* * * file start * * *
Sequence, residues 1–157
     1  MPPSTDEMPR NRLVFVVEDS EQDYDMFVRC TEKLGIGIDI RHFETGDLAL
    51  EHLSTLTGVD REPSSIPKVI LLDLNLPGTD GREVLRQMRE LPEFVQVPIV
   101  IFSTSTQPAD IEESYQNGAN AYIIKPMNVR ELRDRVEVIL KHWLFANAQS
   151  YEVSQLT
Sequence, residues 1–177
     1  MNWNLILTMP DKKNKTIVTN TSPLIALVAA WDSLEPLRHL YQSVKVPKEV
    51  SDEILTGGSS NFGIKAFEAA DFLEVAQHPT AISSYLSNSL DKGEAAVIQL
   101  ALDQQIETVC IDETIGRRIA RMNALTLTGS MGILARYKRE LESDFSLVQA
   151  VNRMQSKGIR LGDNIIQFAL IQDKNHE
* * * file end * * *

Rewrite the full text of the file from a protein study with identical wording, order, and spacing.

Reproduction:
Sequence, residues 1–157
     1  MPPSTDEMPR NRLVFVVEDS EQDYDMFVRC TEKLGIGIDI RHFETGDLAL
    51  EHLSTLTGVD REPSSIPKVI LLDLNLPGTD GREVLRQMRE LPEFVQVPIV
   101  IFSTSTQPAD IEESYQNGAN AYIIKPMNVR ELRDRVEVIL KHWLFANAQS
   151  YEVSQLT
Sequence, residues 1–177
     1  MNWNLILTMP DKKNKTIVTN TSPLIALVAA WDSLEPLRHL YQSVKVPKEV
    51  SDEILTGGSS NFGIKAFEAA DFLEVAQHPT AISSYLSNSL DKGEAAVIQL
   101  ALDQQIETVC IDETIGRRIA RMNALTLTGS MGILARYKRE LESDFSLVQA
   151  VNRMQSKGIR LGDNIIQFAL IQDKNHE